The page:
Dylan Toften and Thomas Hurd went to the office of the town clerk for Root, N.Y., on July 30 last year to get a marriage license.
They didn’t leave with their license. Instead, they were served discrimination in the name of religion: The clerk said she would not give them a license because of her personal religious beliefs in opposition of same-sex couples getting married.
No, the clerk’s name isn’t Kim Davis, then-county clerk for Rowan County, Ky., who made headlines in 2015 when she refused to do her taxpayer-funded job and denied same-sex couples marriage licenses in the months after the U.S. Supreme Court made marriage equality the law of the land.
This clerk is Laurel “Sherrie” Eriksen, and earlier this month she was required to offer a public apology for discriminating against Dylan and Thomas as part of a legal settlement negotiated by Lambda Legal, the LGBQ advocacy group who represented the couple.
Thomas Hurd and Dylan Toften talk to WRBG TV in Albany, N.Y., about the town clerk who denied them a marriage license. Credit: Screenshot from WRBG TV.
“In my capacity as town clerk, it is my responsibility to provide marriage licenses to all couples, regardless of sex or sexual orientation, so long as they meet all applicable New York State legal requirements,” Eriksen read during the April 10 town council meeting. “As such, my office, and I personally, will issue marriage licenses to any couple, without exception, who is legally entitled to be issued one. On July 30th of last year, there was an unfortunate incident involving Mr. Thomas Hurd and Mr. Dylan Toften who came to my office seeking a marriage license. I am sorry for any harm or inconvenience my actions caused the couple.”
Town of Root clerk apologizes tonight 8 months after denying a gay couple their marriage license. The town has also reached a cash settlement with the couple. Hear from them tonight only on @CBS6Albany #MarriageEquality #LoveIsLove pic.twitter.com/e39x399HRK— Emily DeFeciani (@CBS6_Emily) April 11, 2019
The town also agreed to pay the couple $25,000 as part of the settlement. While it’s a shame that Eriksen put taxpayers in the position of paying for her discrimination, they could be facing the $225,000 in legal bills that Kentucky taxpayers may get saddled with to resolve Kim Davis’ refusal to serve same-sex couples.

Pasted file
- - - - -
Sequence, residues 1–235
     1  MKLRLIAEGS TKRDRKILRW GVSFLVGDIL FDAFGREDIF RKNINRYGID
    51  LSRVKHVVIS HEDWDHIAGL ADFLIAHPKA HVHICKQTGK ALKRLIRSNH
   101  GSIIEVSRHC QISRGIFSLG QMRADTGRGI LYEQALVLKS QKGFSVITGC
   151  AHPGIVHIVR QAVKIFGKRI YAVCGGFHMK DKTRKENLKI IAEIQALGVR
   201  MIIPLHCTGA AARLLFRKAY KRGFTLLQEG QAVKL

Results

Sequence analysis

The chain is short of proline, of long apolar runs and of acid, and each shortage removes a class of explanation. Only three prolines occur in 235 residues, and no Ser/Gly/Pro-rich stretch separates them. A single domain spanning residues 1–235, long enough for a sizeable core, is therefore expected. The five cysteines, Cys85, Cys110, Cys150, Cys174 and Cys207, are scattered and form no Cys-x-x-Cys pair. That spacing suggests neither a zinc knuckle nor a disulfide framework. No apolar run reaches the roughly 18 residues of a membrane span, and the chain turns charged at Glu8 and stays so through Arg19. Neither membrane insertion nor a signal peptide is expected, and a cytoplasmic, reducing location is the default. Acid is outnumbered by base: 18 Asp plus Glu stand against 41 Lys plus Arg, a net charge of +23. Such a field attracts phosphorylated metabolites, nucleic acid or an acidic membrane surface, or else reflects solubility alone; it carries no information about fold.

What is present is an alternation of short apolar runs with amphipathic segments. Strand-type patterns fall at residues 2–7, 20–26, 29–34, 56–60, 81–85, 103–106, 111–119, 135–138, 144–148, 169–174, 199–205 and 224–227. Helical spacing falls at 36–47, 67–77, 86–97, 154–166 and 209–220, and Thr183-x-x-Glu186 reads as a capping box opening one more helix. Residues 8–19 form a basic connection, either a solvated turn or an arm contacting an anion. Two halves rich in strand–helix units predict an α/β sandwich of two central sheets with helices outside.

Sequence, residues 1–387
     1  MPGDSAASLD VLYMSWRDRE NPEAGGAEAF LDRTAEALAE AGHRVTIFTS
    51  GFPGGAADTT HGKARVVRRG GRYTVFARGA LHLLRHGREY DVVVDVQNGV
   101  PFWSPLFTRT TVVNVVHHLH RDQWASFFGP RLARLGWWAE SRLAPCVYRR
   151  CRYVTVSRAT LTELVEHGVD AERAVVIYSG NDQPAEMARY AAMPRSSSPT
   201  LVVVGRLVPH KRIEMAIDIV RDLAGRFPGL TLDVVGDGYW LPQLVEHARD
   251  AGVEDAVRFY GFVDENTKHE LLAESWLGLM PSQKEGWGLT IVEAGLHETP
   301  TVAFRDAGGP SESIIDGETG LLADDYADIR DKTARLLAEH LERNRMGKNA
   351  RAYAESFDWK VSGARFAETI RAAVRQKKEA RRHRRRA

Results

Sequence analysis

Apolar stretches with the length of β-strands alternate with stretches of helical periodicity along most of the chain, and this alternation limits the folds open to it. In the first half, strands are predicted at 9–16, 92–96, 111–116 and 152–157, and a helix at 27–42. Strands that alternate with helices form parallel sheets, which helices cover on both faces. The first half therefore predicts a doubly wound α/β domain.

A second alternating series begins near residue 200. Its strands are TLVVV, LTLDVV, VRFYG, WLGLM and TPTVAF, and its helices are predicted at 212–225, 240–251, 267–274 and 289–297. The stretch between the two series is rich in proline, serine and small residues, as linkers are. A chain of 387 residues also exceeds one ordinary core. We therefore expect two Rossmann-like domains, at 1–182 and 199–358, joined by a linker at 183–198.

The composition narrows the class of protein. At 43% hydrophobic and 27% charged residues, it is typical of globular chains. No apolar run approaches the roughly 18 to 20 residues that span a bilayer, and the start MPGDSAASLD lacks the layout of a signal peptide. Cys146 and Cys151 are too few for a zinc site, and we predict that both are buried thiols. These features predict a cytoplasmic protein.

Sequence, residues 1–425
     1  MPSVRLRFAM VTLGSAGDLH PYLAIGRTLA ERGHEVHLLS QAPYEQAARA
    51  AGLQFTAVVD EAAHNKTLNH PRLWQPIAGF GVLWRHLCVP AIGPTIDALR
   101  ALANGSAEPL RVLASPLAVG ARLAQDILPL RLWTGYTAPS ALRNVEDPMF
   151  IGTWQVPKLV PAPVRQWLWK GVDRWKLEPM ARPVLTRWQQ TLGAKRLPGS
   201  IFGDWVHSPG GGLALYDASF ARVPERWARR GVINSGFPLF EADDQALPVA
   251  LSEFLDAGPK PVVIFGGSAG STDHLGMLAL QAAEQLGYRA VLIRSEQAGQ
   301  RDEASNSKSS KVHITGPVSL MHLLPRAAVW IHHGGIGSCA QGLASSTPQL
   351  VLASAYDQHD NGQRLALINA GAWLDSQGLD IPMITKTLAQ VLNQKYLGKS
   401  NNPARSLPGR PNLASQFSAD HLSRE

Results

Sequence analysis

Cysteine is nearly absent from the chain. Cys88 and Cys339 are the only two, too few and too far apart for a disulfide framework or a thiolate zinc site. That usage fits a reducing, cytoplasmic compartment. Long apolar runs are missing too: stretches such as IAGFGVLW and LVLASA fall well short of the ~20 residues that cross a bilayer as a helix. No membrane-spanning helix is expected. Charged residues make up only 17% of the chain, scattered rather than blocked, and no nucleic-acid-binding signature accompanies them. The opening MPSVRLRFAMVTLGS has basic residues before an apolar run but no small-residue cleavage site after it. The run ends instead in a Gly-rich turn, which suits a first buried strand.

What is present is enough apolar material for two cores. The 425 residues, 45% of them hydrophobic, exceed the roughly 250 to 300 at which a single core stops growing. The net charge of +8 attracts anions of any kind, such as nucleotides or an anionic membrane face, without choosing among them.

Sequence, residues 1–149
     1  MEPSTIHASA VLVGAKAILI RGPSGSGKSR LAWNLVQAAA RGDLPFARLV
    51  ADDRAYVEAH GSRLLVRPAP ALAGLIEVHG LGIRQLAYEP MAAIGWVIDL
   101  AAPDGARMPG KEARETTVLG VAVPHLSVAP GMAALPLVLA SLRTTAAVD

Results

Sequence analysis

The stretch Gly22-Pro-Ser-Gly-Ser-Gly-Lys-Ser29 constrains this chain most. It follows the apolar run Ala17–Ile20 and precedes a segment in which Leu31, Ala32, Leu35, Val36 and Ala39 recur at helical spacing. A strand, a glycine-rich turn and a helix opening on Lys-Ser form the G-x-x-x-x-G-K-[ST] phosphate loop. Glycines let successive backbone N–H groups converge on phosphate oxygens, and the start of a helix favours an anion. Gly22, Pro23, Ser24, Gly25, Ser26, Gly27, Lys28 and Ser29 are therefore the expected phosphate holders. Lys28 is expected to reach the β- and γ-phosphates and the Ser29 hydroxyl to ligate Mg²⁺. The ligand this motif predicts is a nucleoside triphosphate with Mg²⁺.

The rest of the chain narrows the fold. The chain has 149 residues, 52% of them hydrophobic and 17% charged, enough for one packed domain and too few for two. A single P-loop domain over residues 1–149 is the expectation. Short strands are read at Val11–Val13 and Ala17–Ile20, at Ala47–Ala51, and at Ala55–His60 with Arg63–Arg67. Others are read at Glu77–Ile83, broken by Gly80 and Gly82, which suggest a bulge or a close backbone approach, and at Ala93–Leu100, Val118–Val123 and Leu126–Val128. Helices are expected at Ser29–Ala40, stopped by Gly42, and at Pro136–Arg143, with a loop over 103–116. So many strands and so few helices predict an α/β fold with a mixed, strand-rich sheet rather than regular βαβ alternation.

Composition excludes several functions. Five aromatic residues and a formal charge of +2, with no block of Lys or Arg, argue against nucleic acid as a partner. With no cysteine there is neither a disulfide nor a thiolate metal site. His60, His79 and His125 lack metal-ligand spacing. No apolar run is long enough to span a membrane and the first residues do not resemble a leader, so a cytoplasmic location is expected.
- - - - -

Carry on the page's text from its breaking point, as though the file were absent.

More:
On the bright side, Dylan and Thomas were able to get married after going to another community for their license. Of course, they should never have been turned away by Root’s town clerk: government officials must follow the law and must not discriminate. If religious beliefs prevent someone from fulfilling the duties taxpayers are entrusting them to complete, they shouldn’t be working in that position.
“We feel vindicated and grateful that the Town of Root has realized its obligation to respect our family and all same-sex couples on the same terms as any different-sex couple who wants to marry,” Dylan said in a statement. “We are happy the state of New York supports our marriage and that we were able to not allow this one town clerk in our town to get away with violating the law and discriminating against LGBT families.”
We at Americans United congratulate Dylan and Thomas on both their marriage and their victory in the fight for LGBTQ rights and religious freedom in New York. AU continues this fight in states around the country to ensure religious freedom is not weaponized to harm others; you can support our work here.